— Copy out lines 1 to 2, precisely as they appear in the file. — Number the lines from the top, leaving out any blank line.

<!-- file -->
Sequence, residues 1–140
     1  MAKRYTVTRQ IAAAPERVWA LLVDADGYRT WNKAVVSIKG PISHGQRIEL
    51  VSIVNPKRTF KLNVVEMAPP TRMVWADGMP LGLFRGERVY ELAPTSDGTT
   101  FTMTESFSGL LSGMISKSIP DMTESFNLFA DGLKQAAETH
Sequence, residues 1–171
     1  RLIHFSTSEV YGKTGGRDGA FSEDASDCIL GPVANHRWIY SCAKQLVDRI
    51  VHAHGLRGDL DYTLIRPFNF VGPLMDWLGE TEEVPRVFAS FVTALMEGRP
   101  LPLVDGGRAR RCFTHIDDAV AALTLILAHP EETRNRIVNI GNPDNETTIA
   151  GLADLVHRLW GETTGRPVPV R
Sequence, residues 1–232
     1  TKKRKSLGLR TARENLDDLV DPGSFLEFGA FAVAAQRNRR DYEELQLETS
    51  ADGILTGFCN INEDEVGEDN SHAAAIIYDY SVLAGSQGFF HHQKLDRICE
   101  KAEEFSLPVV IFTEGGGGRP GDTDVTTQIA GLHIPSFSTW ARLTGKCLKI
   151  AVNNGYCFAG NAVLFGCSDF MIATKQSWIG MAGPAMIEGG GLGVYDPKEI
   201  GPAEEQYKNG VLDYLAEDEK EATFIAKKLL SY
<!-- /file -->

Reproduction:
Sequence, residues 1–140
     1  MAKRYTVTRQ IAAAPERVWA LLVDADGYRT WNKAVVSIKG PISHGQRIEL